Yay! A new subscriber arrives.
Darn! The new subscriber leaves.
Anyone reading articles like this one are aware of this problem: Churn is, by far, the biggest challenge for digital subscription business. Initially it’s been a constant source of swear words. In the next phase, hopefully it will foster creativity.
Every media company in the world longs for loyal subscribers. The key question is: What we can do to hold on to the paying customer just a little longer?
At NTM in Sweden, we have been focusing on analysis of our journalism for a while. We’re mostly digging deeper into what topics create higher engagement and, based on those findings, working hard to get our 19 newsrooms to follow our joint content strategy. This is all with the purpose of ensuring we create value for our paying subscribers.
Going deeper into this process, we have been putting together user behaviour and subscription data in the analysis. More specifically, we have taken a deeper look at the correlation between content consumption and time as a customer.
When doing that, one kind of journalistic product stands out: live TV sports.
We have analysed data collected between October 2021 and April 2022. During this period, we have been broadcasting soccer in lower divisions in October to November and February to April. And we’ve broadcasted floorball in the highest Swedish division October to April.
A total of 651 matches were broadcast during this time period, and we had 1,288 subscription purchases made directly on live sports articles. On average, we had 1,442 pageviews by subscribers per article, and, on average, each unique user has watched 17 minutes per match.
Since most of these matches are between local teams in lower divisions, the numbers are high for us.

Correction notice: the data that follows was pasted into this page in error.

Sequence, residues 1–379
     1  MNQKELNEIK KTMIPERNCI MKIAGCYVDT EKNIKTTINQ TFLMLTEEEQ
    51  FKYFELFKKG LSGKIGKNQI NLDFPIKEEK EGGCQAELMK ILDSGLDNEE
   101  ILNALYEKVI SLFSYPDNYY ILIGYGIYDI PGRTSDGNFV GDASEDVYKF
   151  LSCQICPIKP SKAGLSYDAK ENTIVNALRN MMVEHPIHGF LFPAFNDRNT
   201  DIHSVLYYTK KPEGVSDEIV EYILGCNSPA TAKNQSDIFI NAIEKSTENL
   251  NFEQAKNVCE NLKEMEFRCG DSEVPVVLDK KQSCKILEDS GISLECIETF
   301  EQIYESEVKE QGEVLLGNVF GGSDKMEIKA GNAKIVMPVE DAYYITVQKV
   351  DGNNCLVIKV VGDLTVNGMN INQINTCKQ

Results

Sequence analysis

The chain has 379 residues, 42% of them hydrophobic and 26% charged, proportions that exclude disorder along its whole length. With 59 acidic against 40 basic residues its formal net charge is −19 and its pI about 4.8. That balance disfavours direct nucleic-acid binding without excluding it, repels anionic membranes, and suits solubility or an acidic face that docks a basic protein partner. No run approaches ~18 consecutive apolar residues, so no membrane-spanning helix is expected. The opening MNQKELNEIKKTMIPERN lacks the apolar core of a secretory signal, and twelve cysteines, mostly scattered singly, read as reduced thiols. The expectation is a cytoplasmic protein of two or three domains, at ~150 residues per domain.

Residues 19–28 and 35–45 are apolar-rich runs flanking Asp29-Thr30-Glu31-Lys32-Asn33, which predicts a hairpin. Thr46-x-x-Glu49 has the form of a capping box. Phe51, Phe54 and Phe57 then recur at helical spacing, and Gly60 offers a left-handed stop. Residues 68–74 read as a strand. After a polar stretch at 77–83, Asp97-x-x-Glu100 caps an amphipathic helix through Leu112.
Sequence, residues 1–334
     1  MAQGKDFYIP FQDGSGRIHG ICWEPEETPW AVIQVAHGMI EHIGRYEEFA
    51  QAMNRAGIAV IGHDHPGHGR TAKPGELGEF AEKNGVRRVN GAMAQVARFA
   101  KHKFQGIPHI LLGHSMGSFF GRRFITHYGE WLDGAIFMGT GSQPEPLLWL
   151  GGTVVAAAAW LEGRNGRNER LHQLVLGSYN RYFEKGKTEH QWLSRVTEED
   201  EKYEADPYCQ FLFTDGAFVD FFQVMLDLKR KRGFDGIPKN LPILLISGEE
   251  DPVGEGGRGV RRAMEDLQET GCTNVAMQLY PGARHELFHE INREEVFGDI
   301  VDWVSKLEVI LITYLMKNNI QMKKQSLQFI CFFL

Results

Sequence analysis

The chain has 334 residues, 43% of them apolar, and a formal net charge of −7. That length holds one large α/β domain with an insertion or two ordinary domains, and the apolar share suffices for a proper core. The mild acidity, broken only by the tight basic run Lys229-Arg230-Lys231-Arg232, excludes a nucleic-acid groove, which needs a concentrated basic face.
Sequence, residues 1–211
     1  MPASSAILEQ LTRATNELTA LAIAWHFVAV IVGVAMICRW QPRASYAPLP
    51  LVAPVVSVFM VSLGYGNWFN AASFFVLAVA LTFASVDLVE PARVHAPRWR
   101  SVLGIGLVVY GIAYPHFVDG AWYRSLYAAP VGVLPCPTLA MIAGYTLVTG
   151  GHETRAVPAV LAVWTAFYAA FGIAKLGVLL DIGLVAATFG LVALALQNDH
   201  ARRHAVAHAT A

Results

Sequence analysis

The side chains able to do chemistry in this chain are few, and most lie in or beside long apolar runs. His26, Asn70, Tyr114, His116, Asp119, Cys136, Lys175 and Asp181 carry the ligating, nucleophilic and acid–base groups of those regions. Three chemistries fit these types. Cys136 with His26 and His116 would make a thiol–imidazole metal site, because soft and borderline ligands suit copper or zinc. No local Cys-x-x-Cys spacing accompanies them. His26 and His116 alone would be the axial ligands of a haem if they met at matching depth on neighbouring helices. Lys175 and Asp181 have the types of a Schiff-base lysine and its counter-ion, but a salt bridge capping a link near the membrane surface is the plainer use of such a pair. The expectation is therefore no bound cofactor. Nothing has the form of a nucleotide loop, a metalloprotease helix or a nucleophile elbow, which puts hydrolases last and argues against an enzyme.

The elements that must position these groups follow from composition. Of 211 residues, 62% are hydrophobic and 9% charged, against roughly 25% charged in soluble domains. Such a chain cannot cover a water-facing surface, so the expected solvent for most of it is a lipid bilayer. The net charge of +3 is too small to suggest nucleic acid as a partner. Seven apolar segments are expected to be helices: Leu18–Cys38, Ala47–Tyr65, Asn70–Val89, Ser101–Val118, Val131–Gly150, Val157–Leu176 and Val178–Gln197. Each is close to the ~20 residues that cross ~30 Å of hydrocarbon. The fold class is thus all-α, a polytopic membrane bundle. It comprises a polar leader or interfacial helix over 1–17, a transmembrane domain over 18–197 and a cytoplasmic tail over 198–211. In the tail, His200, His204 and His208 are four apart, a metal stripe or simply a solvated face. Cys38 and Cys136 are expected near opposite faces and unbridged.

Looking at the financial outcomes, we can conclude this has been well-invested money for us — especially when we turn our eyes on what happens with those subscribers that consume a lot of live TV sports. These high-consuming customers stay for a significantly longer period and generate a lot more money annually than they would have without live TV sports.
Another upside of broadcasting these matches is that we can include them in a premium subscription (“premium digital”) and charge more money than we do for the “basic digital” subscription. The revenue generated in the diversification of these subscription levels is substantial.
To be honest, these kinds of revenue calculations are quite hard to do. There can, of course, be many different explanations of why a subscriber stays. But when doing the analysis, we have been hard on ourselves and leaning toward the lower end of everything.
Still, the results are really good. When adding the potential revenue stream from advertising, we can see that live sports TV is definitely a kind of journalistic content we will hold on to and explore further in the future.
If you want to maximise the value output even more and increase the engagement around the live broadcasts, what can you do
Besides just showing the matches, we now try to build an even more reader-centric approach into our Web sites next to the live experiences. We are testing live feeds where reporters can chat with viewers/readers about the game and involve them in co-creation, letting them vote on “player of the match” or giving grades to each player, just as our expert reporters do. This is still in its early stage, but we see a great interest in participating.